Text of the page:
It's been an up-and-down year for Molycorp (NYS: MCP) in 2011. The company ended 2010 on a high note as one of the year's best IPOs. But this year, the stock is down 32.2%, and there is a lot less optimism that rare earth mineral prices will continue rising indefinitely.
So how did Molycorp get to this point? Here is a review of 2011.
Speeding up Phoenix
With rare earth mineral prices rising through the third quarter of 2011, Molycorp decided to spend an additional $114 million to accelerate the start-up of its Project Phoenix. That moved up phase 1 production at a rate of 19,050 metric tons per year up three months, anticipating 8,000 to 10,000 metric tons of production in 2012.
With only Lynas in Australia adding significant supply to the market in the short term and with China still restricting exports, the move was a no-brainer. The faster Molycorp can start cashing in on high rare earth mineral prices, the better for shareholders.
Expansion beyond mining
Molycorp also took some big steps beyond just mining this year. In April, the company bought rare earth metal and alloy manufacturer Santoku America for $17.5 million. It also purchased AS Silmet, which owns a rare earth processing facility in Europe.
But the biggest move Molycorp made to expand its reach this year was a $35 million acquisition of Boulder Wind Power. The company makes dysprosium-free rare earth magnets and is hoping to become a major player in the market.
I have to give the company credit for seeing opportunities to expand beyond relying on a single mine and volatile rare earth prices to expand its business in 2011.
Turning a profit
This year's big turning point for Molycorp was the company turning solidly into profitability on very little mining production. By the second quarter, Molycorp reported $0.52 in earnings per share and increased that to $0.67 per share in the third quarter.
The profits were driven by extremely high rare earth mineral prices, and that's where the future gets to be a bit murky. Later in 2011, there were signs we may have already reached peak prices for rare earth minerals.
What really drove Molycorp's stock price down in 2011 -- along with competitors like Rare Element Resources (ASE: REE) and Avalon Rare Metals (ASE: AVL) , which aren't yet mining -- was falling rare earth prices.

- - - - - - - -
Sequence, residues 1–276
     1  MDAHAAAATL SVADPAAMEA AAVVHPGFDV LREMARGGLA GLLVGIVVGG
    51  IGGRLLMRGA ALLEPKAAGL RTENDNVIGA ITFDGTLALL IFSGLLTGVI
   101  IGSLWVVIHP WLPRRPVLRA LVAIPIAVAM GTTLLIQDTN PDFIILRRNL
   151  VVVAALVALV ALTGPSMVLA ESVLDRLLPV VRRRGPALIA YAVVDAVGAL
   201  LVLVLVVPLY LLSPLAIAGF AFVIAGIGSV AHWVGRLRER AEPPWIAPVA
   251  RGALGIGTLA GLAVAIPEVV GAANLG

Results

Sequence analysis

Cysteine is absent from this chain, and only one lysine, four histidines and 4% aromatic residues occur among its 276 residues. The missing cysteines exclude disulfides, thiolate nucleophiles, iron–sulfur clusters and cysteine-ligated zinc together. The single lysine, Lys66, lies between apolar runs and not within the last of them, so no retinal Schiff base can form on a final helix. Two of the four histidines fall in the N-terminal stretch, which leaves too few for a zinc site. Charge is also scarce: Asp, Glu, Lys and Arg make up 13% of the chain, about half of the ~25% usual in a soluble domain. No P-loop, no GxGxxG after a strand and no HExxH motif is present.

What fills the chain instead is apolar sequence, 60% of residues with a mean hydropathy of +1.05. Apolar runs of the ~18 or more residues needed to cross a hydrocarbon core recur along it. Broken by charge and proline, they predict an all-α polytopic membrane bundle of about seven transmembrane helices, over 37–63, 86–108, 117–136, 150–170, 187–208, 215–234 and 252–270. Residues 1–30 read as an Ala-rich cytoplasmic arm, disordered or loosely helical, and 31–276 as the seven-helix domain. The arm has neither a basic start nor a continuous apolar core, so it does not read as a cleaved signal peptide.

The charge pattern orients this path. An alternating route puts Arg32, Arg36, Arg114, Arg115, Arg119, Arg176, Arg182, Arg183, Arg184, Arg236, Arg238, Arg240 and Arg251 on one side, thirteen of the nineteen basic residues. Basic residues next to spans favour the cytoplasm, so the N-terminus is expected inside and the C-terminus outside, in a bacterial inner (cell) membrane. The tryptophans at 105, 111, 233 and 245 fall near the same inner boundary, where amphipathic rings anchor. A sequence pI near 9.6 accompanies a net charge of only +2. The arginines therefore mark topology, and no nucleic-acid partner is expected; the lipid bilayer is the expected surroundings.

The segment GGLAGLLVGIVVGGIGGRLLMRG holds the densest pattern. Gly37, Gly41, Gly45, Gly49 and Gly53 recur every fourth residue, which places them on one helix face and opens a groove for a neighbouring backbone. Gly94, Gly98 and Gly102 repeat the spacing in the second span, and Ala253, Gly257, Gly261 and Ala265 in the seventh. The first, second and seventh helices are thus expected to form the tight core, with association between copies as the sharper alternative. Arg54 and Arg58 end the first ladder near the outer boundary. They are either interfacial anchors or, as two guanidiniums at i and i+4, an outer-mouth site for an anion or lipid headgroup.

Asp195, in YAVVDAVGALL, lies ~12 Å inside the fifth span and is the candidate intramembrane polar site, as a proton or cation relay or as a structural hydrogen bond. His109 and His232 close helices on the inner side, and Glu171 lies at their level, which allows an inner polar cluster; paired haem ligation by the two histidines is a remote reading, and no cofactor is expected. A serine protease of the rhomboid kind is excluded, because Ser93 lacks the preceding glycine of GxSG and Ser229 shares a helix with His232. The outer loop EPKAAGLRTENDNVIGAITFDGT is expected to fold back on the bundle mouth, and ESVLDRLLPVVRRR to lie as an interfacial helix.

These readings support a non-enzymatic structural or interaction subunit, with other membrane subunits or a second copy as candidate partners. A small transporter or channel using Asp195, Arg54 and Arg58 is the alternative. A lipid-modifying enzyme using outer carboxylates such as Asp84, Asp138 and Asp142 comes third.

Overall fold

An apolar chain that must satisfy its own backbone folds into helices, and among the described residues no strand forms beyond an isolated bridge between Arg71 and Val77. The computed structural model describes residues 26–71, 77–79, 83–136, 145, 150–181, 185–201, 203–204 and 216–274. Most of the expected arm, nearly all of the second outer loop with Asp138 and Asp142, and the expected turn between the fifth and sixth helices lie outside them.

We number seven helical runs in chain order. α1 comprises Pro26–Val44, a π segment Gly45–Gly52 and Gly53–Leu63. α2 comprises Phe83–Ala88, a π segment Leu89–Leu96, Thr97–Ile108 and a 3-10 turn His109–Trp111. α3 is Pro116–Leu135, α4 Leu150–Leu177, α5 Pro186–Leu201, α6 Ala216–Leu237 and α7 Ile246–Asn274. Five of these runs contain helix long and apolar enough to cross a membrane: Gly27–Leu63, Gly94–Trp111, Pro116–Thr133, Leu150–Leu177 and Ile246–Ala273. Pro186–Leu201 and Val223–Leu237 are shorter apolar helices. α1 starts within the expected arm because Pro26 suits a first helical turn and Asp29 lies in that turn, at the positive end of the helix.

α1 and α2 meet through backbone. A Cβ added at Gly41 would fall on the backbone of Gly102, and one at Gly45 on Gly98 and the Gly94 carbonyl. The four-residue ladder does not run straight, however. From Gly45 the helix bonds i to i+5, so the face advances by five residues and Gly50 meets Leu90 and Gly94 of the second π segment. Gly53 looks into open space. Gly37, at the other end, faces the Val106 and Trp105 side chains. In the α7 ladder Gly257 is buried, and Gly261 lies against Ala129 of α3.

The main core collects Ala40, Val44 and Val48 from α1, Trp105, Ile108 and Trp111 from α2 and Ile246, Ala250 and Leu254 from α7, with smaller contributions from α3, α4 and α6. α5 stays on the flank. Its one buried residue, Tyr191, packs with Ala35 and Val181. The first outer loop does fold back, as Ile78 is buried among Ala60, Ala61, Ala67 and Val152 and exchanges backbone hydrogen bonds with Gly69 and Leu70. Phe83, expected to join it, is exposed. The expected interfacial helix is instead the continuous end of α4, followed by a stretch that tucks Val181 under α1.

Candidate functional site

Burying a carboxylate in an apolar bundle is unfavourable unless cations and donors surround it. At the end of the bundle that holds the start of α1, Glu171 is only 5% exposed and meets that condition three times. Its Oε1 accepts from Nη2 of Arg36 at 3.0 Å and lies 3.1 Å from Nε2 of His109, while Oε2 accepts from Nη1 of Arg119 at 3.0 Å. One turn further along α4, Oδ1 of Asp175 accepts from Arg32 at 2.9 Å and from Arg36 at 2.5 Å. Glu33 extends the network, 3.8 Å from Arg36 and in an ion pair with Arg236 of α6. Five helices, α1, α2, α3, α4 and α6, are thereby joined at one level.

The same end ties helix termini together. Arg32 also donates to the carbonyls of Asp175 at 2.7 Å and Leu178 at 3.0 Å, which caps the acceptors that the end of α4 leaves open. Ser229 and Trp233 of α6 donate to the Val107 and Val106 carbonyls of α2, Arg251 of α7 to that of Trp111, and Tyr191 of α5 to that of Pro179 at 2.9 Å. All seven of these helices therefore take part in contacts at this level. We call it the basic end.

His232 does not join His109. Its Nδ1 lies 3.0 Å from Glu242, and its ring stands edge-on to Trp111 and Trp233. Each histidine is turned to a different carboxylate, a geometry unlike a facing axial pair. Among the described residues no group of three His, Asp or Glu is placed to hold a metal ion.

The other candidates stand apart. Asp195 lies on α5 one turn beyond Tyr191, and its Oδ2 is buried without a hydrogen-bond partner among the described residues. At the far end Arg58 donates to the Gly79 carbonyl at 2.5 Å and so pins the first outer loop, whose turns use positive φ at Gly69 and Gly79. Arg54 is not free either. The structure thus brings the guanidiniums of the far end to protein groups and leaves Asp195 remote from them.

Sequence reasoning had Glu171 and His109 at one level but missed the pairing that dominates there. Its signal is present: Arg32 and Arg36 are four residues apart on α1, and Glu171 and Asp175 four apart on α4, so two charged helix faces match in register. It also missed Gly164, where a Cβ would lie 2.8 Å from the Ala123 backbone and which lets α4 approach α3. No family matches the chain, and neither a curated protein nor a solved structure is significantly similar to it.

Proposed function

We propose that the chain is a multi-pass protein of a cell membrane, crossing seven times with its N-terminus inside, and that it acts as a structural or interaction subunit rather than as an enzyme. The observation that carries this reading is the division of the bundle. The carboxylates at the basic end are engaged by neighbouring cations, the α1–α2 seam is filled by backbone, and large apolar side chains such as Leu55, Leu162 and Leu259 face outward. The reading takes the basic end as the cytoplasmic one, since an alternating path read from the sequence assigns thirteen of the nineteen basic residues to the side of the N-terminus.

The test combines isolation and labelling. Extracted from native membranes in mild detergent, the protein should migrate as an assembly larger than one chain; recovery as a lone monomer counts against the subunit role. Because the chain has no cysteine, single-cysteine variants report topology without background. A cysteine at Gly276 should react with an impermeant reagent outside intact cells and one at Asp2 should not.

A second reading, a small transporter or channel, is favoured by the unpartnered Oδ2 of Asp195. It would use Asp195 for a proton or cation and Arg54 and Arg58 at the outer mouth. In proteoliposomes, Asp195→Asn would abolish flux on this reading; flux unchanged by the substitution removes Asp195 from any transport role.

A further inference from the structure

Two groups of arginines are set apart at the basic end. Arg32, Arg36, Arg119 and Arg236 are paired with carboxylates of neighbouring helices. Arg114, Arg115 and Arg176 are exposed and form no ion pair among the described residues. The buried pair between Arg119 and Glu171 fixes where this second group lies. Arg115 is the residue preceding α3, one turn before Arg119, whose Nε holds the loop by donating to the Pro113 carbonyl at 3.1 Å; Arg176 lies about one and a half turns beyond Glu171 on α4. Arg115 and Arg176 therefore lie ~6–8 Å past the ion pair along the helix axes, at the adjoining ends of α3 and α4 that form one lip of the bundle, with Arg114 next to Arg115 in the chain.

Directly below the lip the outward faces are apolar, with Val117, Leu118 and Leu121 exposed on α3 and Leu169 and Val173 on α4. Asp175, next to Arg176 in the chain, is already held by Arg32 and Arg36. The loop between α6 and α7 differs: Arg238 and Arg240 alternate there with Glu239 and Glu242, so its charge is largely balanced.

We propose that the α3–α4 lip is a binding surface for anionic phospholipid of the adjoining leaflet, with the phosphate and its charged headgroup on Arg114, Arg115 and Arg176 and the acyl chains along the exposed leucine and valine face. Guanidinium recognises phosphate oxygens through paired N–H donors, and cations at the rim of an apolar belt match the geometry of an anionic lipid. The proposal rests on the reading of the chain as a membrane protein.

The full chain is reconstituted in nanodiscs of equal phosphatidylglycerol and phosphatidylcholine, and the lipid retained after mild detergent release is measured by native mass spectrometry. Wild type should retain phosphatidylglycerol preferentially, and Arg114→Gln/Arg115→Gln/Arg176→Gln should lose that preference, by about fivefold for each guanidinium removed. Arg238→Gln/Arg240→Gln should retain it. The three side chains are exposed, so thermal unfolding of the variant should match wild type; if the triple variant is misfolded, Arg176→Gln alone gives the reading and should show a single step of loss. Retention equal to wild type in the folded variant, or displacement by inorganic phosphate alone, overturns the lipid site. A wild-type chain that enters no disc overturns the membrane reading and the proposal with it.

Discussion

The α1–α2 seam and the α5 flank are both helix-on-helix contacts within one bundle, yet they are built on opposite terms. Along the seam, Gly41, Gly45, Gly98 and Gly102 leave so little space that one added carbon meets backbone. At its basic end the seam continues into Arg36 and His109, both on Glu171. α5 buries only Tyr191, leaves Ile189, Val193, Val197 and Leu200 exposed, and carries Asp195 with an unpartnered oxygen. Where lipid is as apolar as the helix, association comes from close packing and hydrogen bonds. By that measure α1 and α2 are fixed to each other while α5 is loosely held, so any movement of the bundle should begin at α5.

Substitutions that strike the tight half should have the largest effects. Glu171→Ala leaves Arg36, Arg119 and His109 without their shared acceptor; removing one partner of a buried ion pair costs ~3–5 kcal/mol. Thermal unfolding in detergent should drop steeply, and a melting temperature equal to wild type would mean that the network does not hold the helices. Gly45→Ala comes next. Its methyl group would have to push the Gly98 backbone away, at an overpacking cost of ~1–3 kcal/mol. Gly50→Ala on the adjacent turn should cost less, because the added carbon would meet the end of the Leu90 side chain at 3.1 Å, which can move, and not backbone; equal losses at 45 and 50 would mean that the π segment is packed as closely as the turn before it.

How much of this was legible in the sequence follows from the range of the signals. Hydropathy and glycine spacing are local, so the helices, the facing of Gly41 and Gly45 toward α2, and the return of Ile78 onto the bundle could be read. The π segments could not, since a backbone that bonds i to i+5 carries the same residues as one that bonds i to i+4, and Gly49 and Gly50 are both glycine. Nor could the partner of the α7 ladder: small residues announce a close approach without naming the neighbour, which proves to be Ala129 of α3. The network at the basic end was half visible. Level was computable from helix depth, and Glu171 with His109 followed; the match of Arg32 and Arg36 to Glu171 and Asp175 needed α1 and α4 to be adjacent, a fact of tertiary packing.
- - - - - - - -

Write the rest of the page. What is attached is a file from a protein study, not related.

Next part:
The rocketlike trajectory that rare earth mineral prices were on couldn't last forever, and not only did an increase in supply hurt, but industry also started looking for alternatives.
Prices began falling when competitor Lynas' mine came on line, adding 22,000 metric tons annually to supply. Lynas saw the average composition of its Mount Weld deposits fall from $193.21/kg in the third quarter to $122.07/kg in December. To end the year, prices are falling almost as fast as they rose in the first place.
Some customers also began looking to reduce their exposure on rare earth minerals. Toyota (NYS: TM) , General Electric (NYS: GE) , and Tesla Motors (NAS: TSLA) all announced plans to look into electric motors that didn't use rare earth minerals. And the ripple effect extended to Seagate Technology (NAS: STX) , where high rare earth prices were blamed for falling margins.
Many questions ending 2011
As we sit right now, Molycorp is still dependent on rare earth mineral prices to maintain profitability and to make Project Phoenix a success. Right now, the trends aren't moving in its favor and when Molycorp's mine comes online it will put more pressure on prices.
Check back later this week for my predictions about Molycorp heading into 2012.
At the time this article was published Fool contributor Travis Hoium does not have a position in any company mentioned. You can follow Travis on Twitter at @FlushDrawFool, check out his personal stock holdings or follow his CAPS picks at TMFFlushDraw.Motley Fool newsletter services have recommended buying shares of Tesla Motors. Try any of our Foolish newsletter services free for 30 days. We Fools may not all hold the same opinions, but we all believe that considering a diverse range of insights makes us better investors. The Motley Fool has a disclosure policy.
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